Notably, they recommended ElderCare expand its referral business to include retirement homes, in-home care, and other social services.

    “Their initial business premise is validated: by shifting the industry to a subscription-based model, led by an online marketplace, this business could carve out a significant piece of profit in the elder care industry by providing far more value to retirement homes at less cost.”

    comparison of options in a market opportunity analysis

    Image source

    2. Ipsos Business Consulting Automotive Case Study

    A global automotive conglomerate was interested in the growing electronic vehicle (EV) market, specifically three-wheelers in India. Ipsos conducted a study of the EV market through customer interviews, business model analysis, and government research. At the end of the study, they provided recommendations around charging station locations, leasing vs purchasing options, and other infrastructure requirements.

    Market Opportunity Analysis ExampleMarket Opportunity Analysis for Electric Vehicles

    Image source

    How To Conduct a Market Opportunity Assessment

    1. Identify potential opportunities.

    Your first step is to lay out the potential opportunities you want to investigate. What segment are you hoping to expand into? What type of customer are you hoping to attract? Are you looking to acquire or partner with another business? Have current events created a potential opportunity?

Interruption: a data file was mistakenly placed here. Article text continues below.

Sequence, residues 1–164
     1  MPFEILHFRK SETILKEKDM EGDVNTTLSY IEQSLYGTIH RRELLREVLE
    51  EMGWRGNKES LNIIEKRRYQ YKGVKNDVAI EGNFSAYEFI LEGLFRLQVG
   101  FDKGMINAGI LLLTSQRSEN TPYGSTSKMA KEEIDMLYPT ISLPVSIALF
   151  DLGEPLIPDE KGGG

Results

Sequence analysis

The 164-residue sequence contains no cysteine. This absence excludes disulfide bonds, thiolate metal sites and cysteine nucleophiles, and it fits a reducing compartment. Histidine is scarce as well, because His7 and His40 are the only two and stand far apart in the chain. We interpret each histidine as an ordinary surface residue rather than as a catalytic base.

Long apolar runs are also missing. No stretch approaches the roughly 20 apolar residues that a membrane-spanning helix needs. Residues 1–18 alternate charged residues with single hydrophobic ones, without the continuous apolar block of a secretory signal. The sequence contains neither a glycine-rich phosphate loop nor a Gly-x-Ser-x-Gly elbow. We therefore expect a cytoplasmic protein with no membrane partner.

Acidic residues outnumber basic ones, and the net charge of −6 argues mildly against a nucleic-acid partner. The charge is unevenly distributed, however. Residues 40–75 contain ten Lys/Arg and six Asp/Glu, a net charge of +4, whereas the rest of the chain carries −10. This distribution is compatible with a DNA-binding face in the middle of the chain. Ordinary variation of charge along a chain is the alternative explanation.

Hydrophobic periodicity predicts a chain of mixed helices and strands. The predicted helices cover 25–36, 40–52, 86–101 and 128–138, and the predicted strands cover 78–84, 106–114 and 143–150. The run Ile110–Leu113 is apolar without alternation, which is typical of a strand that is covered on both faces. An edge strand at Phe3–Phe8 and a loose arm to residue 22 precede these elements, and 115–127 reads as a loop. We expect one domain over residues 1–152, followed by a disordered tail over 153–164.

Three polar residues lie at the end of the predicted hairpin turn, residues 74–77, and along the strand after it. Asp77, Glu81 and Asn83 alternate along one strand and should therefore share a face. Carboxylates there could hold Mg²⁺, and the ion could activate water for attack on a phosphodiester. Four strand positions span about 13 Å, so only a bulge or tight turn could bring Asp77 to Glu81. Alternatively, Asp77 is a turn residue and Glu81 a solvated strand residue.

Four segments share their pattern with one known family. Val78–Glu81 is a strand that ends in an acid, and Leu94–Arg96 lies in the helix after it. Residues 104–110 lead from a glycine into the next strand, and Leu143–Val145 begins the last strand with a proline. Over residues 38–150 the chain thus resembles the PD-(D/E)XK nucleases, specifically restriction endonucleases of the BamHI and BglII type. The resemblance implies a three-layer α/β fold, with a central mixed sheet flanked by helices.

Knowing whether you want to expand, pivot, invest, create, or reposition your offerings will inform the next steps of your market research.

    Once you’ve identified market opportunities, you’re ready to start researching their potential.

    Free Market Research Kit

    5 Research and Planning Templates + a Free Guide on How to Use Them in Your Market Research

    • SWOT Analysis Template
    • Survey Template
    • Focus Group Template
    • And More!
    Learn more

      Download Free

      All fields are required.

      You're all set!

      Click this link to access this resource at any time.

      2. Understand the customer.

      In every opportunity, the customer will inform your success. Does this product meet their needs? Do they have the purchasing power to make this idea profitable? How do they make their purchasing decisions? The second step in the analysis is to really, deeply understand your potential customers and their needs. This research may include any of the following tools:

      3. Research competitors.